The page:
Thinking about it, I've played versions of this happy-go-lucky character for years. In school, I was always the helpful, little teacher's pet and my friends knew me as the outrageous one that was always coming up with stories and weird ideas and acting like a bit of a goofball. Once I decided I wasn't going to school one day and when my mother forced me up and out the door I walked down the street and instead of getting on the bus, I went into the chaparral and spent the day reading. Since that was so fun, the next day I took more books and a sheet to sit on and spent another day like that. The next day, a picnic and more books, and so on. I'm not sure how long it would have lasted, but soon two weeks had gone by and perhaps I would have kept doing it forever, but my mother went to pick me up early from school one day and lo and behold, I wasn't there. On my way back from the "bus" that day, I found everyone panicking, no one knew what to think. The most common reaction was that someone forced me to do it and I needed to reveal the perpetrator. No one believed me when I just said that I had said that I wasn't going to go to school and that I had spent the time by myself, reading. Eventually I ended up telling my friends that it was a hot guy with a convertible, and we spent the days in visiting the city, but it was funny how quickly people believed that pathetic made-up story and how little they believed the truth, that someone would choose to miss school to read.

There are numerous other examples of my anti-social, non-conformist behavior that I wish I felt free enough to exhibit. While reading Robinson Crusoe when I was a child, I couldn't understand why he'd want off the island and wasn't having a great time, I ended up planning out my entire mini kingdom if I were in his place. Heck, I still want a private island. My favorite Twilight Zone episode was the one with the only survivor of an apocalypse going to the library and being able to read as much as he wanted, then breaking his glasses-I really felt for the guy. One of my favorite books is The Stand, and I don't think what happens is too terrible. If I wasn't such a prude about stuff I would be a hippy. I want to have my own ranch and grow most of my own food, my own clothing if I wanted any (what's the point of it?), and basically not have to visit town except once a month or so. Wait, is that my private island idea all over again?

So, I guess the point of the Myer-Briggs test is to reveal who you really are and what you would be like if our society was different. What would you do if our society didn't condemn that behavior?

Personality Type

Someone I know recently mentioned that she took the Myer-Briggs personality test and wondered what other people's results would be like. Well, I hadn't thought about that test in several years.

The basic premise behind the Myer-Briggs test is that everyone can basically be grouped into 16 categories. Your answers on the test are supposed to show whether you are an introvert or extravert (I or E), an intuitive person or a sensing one (N or S), follow your feelings or think stuff out (F or T), and are a judger or a perceiver(J or P). The combinations of letters make 16 different basic types.

In my first year at college I took a class on career planning and they had us take several of those sorts of tests. On the Myer-Briggs test, myself, and three other people out of the entire class were categorized as introverts(I was an INTJ with a close call between N and S) everyone else was considered an extravert. With the extroverts gathered together and the introverts gathered together, it was pretty obvious who was who. The extravert table was full of screaming and yelling and jumping around, and talking about everything yet nothing. Us introverts were talking about nothing as well, but in our case, we were actually not talking. The introvert table was silent as we all stared at each other and waited for someone to start a conversation. We did eventually start talking, but it ended up being about how scary the extravert table was and how glad we weren't in that chaos.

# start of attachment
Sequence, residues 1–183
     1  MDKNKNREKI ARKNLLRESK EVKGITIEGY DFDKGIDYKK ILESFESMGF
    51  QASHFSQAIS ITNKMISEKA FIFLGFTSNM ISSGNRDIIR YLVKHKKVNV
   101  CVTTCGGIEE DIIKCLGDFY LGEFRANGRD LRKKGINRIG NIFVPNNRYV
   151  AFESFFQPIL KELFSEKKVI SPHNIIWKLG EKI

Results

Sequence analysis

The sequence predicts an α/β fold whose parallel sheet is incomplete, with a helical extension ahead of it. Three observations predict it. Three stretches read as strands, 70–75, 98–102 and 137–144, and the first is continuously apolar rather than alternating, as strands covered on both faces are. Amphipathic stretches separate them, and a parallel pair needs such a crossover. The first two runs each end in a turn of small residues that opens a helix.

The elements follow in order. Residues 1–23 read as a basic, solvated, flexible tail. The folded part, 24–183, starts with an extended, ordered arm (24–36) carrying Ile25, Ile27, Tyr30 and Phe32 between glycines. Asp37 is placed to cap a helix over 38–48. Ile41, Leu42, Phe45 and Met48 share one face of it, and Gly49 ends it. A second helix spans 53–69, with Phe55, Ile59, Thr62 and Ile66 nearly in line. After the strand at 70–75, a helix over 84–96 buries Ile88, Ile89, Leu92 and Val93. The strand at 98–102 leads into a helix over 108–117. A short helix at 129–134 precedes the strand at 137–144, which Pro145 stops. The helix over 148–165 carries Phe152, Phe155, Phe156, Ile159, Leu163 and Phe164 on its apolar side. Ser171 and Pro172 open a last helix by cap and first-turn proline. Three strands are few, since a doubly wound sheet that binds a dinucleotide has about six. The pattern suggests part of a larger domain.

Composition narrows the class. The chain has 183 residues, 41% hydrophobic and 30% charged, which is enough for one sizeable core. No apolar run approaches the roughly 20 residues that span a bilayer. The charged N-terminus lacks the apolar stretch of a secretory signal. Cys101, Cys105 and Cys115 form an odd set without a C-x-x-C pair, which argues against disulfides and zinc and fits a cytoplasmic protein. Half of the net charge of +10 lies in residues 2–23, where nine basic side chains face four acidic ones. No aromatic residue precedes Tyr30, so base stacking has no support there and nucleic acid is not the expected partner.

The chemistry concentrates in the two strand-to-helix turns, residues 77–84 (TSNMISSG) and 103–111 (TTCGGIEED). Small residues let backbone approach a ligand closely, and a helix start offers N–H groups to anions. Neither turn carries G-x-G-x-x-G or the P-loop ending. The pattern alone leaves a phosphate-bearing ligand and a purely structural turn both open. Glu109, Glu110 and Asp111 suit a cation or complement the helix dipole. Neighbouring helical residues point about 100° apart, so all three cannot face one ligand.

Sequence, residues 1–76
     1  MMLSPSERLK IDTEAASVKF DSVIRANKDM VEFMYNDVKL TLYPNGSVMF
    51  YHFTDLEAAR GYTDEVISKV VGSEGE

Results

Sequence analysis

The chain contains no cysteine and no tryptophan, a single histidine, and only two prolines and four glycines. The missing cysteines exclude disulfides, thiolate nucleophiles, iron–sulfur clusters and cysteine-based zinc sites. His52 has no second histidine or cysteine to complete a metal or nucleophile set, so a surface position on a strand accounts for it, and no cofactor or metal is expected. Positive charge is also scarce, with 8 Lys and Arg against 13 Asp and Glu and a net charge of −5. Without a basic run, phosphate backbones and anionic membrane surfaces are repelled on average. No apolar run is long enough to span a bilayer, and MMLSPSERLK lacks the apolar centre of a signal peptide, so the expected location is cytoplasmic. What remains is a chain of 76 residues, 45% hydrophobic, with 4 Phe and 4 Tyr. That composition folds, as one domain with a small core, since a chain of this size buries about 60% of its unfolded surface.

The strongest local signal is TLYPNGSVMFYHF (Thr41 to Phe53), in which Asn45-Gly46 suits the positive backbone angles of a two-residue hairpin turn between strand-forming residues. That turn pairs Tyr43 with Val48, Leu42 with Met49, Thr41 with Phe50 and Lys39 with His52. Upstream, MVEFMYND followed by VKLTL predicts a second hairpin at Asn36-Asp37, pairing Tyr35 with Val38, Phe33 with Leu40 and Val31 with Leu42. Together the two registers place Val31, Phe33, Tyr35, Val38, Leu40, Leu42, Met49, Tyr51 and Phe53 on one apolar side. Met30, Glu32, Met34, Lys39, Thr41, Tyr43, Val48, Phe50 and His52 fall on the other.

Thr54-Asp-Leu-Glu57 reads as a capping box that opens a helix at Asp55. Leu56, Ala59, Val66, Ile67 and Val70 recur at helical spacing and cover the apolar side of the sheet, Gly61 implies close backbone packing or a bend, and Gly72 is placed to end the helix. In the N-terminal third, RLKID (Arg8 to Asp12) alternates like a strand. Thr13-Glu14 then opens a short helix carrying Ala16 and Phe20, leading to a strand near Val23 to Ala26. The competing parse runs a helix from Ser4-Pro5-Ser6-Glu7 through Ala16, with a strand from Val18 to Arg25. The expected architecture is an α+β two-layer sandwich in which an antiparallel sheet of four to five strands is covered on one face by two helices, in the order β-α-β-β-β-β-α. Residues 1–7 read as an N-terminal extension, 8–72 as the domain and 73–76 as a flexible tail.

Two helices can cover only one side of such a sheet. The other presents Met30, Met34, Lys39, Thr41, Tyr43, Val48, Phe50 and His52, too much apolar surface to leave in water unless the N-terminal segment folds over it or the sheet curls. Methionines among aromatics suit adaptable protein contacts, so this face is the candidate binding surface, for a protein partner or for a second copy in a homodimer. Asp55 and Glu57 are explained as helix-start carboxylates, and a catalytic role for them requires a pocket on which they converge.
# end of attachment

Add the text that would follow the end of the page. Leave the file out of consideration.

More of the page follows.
Interested to see what the results would be, if I took the test now, I took a couple of the free versions online. Here are the results of one of the tests:

Introverted 78%
Intuitive 65%
Thinking 88%
Judging 78%

a very expressed introvert
a moderately expressed intuitive personality
a very expressed thinking personality
a very expressed judging personality

and the other test results:

Introverted (I) 68% Extraverted (E) 32%
Intuitive (N) 55% Sensing (S) 45%
Thinking (T) 70% Feeling (F) 30%
Judging (J) 91% Perceiving (P) 9%

Again, I tested as an INTJ with N and S being close to even. Interested in what they think my personality is like based on the results I clicked on type description. It said INTJs are logical, rational, liked lonely walks, was arrogant-seeming, and perfectionists, as well as listing numerous other adjectives. It said a good job for someone with my personality would be a scientist-I'm a geology major who loves to go hiking and looking for information in the rocks. I wouldn't have believed that would be the case when I first took the test and thought I could never have a science-related job since I wasn't good at science. One part listed other people known to be INTJs, such as Chevy Chase, Hilary Clinton, Marie Currie, and Stephen Hawking. Some fictional ones are Stewie (Family Guy), Mr. Darcy (Pride and Prejudice), Hannibal Lector (Silence of the Lambs), Mr. Burns (The Simpsons),and Dr. House (House). All this information was all rather interesting. It seems like knowing who you are and your faults and your weaknesses would be an asset in life.

On a roll now, I looked up more sites about the Myer-Briggs style tests and found entire forums dedicated to different personalities. I checked out one section devoted to INTJs and really realized how I must appear to other people. (Sorry, everyone!) It was interesting seeing people report that they do things that I thought I only did. The slight obsessive-compulsive tendencies, such as eating food in a certain order in certain ways only, the inability to stop what I'm doing while I'm in the middle of something, not being able to start conversations, and the lack of social skills, all seemed very familiar and seeing other people enabled me to see myself much clearer than I could before.

What's your personality like? I don't mean the one you show everyone, but your inner self. Have you taken any Myer-Briggs style tests? As if so, what were your results? Do it help you know yourself better?

If you want to take one of the tests here are a couple of free ones:

Human Metrics Version
Kisa Version

The free, online tests aren't considered as accurate as the original Myer-Briggs test, so if you're really interested in learning more you may want to pay the large fee to take that test. It's a really good idea if you're not sure about anything.